grinding my teeth at night jaw pain

If you wake up with a sore mouth from grinding teeth at night, you are not alone. In fact, millions of Americans grind their teeth while sleeping, which can cause an array of negative symptoms. Fortunately, once a dentist can find the root cause of your teeth grinding, it can often be treated, and sometimes even resolved. Suffering from uncomfortable pain and not getting a good night’s sleep does not have to go on forever, so remember to speak with your dental professional about your dental options.

What are the signs of teeth grinding?

Teeth grinding, or bruxism, is a common condition when you clench your jaw together and your teeth shift against each other. It can cause pain and discomfort, or it may go unnoticed and not cause many symptoms. The most commonly seen symptoms from untreated teeth grinding includes:

  • Worn down enamel
  • Headaches
  • Ear pain
  • TMJ pain
  • Fractured or cracked teeth
  • Teeth that are flattened, loose, or sensitive
  • Worn down restorations like crowns
  • Sleep disruption

What causes teeth grinding at night?

Some people tend to clench their jaw and teeth during the day, which can be caused by stress, medication, or personality type. But, teeth grinding at night is often a sign of a medical condition that goes untreated called sleep apnea.

There is a direct link between obstructive sleep apnea and chronic teeth grinding that can have detrimental long-term oral health and general health effects. One hypothesis behind the link is that when someone has a narrow upper airway or sleep obstruction, they grind their teeth to help move their lower jaw forward to increase oxygen flow. This can occur from a person having enlarged tonsils and adenoids, a tongue tie, or a very narrow upper palate.

How can I treat my teeth grinding?

Teeth grinding can be treated by finding the cause of the condition. If you have an underlying condition like a tongue tie, it is best to get an evaluation by your dentist to check if you need a simple procedure like a frenectomy. Chronic bruxism can be a sign of a sleep disorder, therefore treating the symptom without treating the condition is not always beneficial long-term.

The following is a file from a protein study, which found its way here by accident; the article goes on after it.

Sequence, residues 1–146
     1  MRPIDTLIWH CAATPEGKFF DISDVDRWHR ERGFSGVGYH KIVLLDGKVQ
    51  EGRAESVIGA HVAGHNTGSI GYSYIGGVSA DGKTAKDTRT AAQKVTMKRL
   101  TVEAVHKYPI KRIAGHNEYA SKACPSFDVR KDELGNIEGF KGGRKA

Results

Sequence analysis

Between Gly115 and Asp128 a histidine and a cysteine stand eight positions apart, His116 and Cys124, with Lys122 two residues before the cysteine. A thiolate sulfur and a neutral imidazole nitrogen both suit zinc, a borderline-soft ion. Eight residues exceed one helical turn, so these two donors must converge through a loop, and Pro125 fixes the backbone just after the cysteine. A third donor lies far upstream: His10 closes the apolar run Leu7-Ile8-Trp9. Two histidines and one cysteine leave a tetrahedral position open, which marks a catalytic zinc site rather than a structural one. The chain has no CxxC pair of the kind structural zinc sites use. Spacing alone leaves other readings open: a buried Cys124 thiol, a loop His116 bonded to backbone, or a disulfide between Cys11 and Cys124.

Teeth grinding can be diagnosed by any dental professional from a clinical exam and medical/dental history. If your teeth appear worn down and flat or have wear facets that display a darker, yellowish hue, it may be a sign you grind at night.

Here are some of the most commonly offered treatments for bruxism that can help alleviate symptoms and improve sleep.


A custom fit mouthguard is one of the easiest and cost effective ways to manage teeth grinding at night. It prevents your upper and lower teeth from grinding and provides a cushion to avoid harsh forces distributed to your teeth and jaw. A nightguard cannot correct the root cause of teeth grinding, but it is the first step to prevent further damage.

One of the main benefits of a night guard also helps prevent TMJ problems which often happen from bruxism. When people wake up with extreme soreness in their facial muscles, a night guard helps deprogram those muscles to relax them and stop unwanted muscle strain.


If you have teeth that are not properly aligned, it can cause bite problems. Braces and/or clear aligners are an option if you have a dental malocclusion that prevents your teeth from biting properly. An orthodontist can assess if you need an expansion appliance to help widen the upper jaw, which also improves breathing and sleeping.

Another level of orthodontics that help with teeth grinding include appliances like mandibular advancement devices (MADs) and tongue-retaining mouthpieces. MADs work by helping position the lower jaw and tongue more forward to open the airway. These appliances are custom made and mimic a sports mouth guard. A tongue-retaining mouthpiece also helps with teeth grinding and sleep apnea because it helps keep the tongue remain in the proper position so it doesn’t block the airway during sleep.


Botox injections alleviate teeth grinding and jaw clenching because it relaxes strong facial muscles that bring the upper and lower jaws together. It also reduces the pain associated with grinding. Still, additional research is needed to confirm how effective and safe this treatment option is and there are always risks associated. However, many people have found temporary relief for a few months with Botox injections.

Is there a difference between types of nightguards?

Unfortunately, not all night guards are created equally. There are three types of nightguards to help with teeth grinding and while they all share the same goal to protect the teeth, there are drastic differences between them.

  1. Stock night guard: A stock store bought mouthguard is beneficial because it is very affordable and convenient to get. You can purchase it from any sporting goods or convenience store, but it offers the least protection because they are a generic fit. They are not recommended by dentists because they do not support the teeth or soft tissue as well as a custom night guard.
  2. Boil and bite: This type of night guard is also inexpensive, but provides slightly more protection than a stock night guard. It works by heating it and molding it around your teeth to fit your jaw and soft tissue. They are typically more comfortable than a stock night guard and you can usually mold them again because they’re made from a thermoplastic material.
  3. Custom night guard: A custom night guard is made professionally by a dental lab and is custom fit to your mouth. It provides the greatest support and comfort because it is stable and durable. A hard night guard helps the muscles relax while sleeping and provides a more proper fit to protect your teeth and jawbone.